Paul swore under his breath. “Adrian Olmsted,” he breathed.
“What?” said Ellie.
“Adrian Olmsted,” Paul repeated, turning to look at Ellie. “He works for the S.O.E., our division. He is a powerful mage; he trained me. He disappeared from a conference two months ago, in front of ten people, military, magical, and members of Parliament who needed to be kept informed of progress on some of our projects. There was a flash of light, a boom, and an explosion of purplish smoke. At first we thought it was a trick, or a backfiring spell.” He turned back to Amelia. “Only you’re saying the Nazis did it. They used one of you to assassinate him.”
“No,” said Amelia. “She didn’t kill him. She just sent him Away.”
“Away where?” said Ellie. A deep weight seemed to fall on her chest, a dread that she knew the answer and didn’t want it articulated.
Amelia gave another exaggerated shrug. “Away. She said she sent him to the place where power comes from and he can’t find his way back and he won’t die while he’s there, no matter how long he stays.”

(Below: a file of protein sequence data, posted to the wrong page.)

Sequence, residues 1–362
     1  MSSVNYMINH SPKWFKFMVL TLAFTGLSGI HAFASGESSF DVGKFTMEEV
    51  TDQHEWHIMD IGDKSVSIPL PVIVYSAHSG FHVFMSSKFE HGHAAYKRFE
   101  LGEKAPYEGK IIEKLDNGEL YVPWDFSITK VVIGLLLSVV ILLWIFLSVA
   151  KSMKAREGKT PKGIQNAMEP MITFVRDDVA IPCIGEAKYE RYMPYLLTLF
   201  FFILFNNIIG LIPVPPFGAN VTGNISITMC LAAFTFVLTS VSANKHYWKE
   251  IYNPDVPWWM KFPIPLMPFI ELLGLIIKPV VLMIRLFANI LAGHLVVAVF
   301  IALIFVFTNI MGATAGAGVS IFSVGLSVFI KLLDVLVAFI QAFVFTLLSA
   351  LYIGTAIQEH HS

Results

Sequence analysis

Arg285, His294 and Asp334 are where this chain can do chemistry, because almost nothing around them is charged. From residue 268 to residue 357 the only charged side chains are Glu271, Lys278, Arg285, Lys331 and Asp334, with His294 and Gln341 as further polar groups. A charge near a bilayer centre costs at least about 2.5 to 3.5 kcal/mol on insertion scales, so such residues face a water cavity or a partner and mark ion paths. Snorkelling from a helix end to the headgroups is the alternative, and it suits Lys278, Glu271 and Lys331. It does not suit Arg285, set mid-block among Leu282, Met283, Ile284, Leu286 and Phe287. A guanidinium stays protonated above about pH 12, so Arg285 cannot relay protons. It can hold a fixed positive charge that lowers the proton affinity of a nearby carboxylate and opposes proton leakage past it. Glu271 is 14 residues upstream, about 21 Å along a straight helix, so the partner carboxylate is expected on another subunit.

“Eternity in the maelstrom of primordial chaos,” Paul said, shuddering. He looked to Ellie. “The Nazis have one of these legendary children and are using her against us. And you work for us, yes? That’s why Mr. Llewelyn was in London so much; he looks after you, keeps you happy, so you would continue to help. Or he did, until tonight.”
“Mr. Llewelyn was my friend,” said Amelia. Her face darkened. “He gave me Petunia.” She held the porcelain-headed doll up so Ellie and Paul could see.
“She’s beautiful,” said Ellie. Sometimes Amelia acted and talked like any little girl. And sometimes she sounded eons older. It was disorienting. “Did Mr. Llewelyn tell you why those men would want to hurt him? Or you?”